How to Take Care for Elderly Family Members During the Coronavirus Outbreak

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As the number of coronavirus cases in the United States has gotten over 5,4 million and 170,000 deaths, there’s a lot of o concern regarding the group of people that is the most vulnerable in battling this virus: the elderly.

“Eight out of 10 deaths from COVID-19 have been from those age 65 or older,” says Dr. Natasha Bhuyan, a family physician in Phoenix, Arizona. “The reason why is because our immune system is less effective at fighting infections as we get older. Also, having multiple other chronic diseases can complicate this virus.”

At the beginning of the pandemic in America, vice president Mike Pence stated that “the elderly are the most vulnerable and especially those with serious health issues.”

That being said, Medicaid and Medicare issued new guidelines months ago for nursing homes throughout the country to “help keep the elderly safe.”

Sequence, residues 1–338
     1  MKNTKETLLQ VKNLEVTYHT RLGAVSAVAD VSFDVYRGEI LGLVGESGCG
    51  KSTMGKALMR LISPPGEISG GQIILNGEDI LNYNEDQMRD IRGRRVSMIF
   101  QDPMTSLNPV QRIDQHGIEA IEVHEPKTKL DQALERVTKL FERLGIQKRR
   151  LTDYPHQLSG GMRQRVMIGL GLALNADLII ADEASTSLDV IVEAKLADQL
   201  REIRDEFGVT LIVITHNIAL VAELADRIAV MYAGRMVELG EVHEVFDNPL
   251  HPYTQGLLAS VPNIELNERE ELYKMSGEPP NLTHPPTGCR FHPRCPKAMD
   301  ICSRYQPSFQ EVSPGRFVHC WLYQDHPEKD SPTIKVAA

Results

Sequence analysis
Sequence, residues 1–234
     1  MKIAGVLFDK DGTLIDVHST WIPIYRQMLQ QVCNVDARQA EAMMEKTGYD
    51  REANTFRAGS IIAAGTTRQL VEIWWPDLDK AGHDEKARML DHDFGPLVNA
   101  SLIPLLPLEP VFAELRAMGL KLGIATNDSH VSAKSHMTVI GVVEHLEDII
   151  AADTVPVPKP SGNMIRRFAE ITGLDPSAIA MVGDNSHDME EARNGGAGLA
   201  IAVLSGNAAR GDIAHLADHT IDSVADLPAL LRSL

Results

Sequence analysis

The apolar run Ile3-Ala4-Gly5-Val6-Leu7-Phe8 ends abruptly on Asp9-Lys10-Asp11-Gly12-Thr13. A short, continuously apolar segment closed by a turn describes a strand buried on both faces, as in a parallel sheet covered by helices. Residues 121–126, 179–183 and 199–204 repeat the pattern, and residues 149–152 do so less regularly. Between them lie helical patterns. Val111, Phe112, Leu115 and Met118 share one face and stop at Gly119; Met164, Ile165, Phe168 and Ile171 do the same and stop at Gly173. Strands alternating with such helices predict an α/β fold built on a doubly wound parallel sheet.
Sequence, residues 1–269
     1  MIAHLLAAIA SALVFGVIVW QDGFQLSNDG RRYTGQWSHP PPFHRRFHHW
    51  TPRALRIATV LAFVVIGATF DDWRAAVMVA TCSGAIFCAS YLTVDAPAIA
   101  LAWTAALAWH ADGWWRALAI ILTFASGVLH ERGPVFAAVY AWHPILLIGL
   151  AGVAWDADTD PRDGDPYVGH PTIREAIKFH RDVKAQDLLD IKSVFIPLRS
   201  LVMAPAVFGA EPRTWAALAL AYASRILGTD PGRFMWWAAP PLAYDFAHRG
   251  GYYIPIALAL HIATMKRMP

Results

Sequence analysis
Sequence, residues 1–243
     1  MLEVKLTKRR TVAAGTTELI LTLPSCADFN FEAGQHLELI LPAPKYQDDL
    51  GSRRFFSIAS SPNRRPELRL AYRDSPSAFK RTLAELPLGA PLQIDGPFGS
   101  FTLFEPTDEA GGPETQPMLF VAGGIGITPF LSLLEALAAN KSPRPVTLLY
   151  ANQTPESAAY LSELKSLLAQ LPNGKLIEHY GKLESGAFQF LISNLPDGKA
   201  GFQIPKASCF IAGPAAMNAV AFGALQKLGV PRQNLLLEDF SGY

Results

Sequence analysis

It’s important to know how to take proper care of your elderly family members, especially if you’re their primary caretaker, now that the number of coronavirus cases continues to grow rapidly all over the world.

Moreover, you can best ensure the health of the elderly only if you’re healthy as well. That’s why it’s vital to always wash your hands and take care of yourself too if you want to keep them safe.
“It’s a paradigm,” says Paul. “If you’re a caregiver for a senior, you have to be responsible for yourself and do everything you can to prevent [contracting] and transmitting the virus. This is the most important thing.”

Read on if you want to learn more about how to take proper care of those in a more vulnerable place!

Moreover, if you want to help those vulnerable categories during these hard times, you can volunteer at a senior center, donate food, personal protective equipment (PPE), or money for those in need.

“If people want to get more involved, call your local senior center and ask, ‘How can I help during this crisis?’’ says Elizabeth St. John, a licensed clinical social worker at Stanford Health Care.

“Senior centers are planning outreach, grocery delivery, and other connections to community resources. Some have creative volunteer programs like friendship lines where you can call seniors you don’t even know.”

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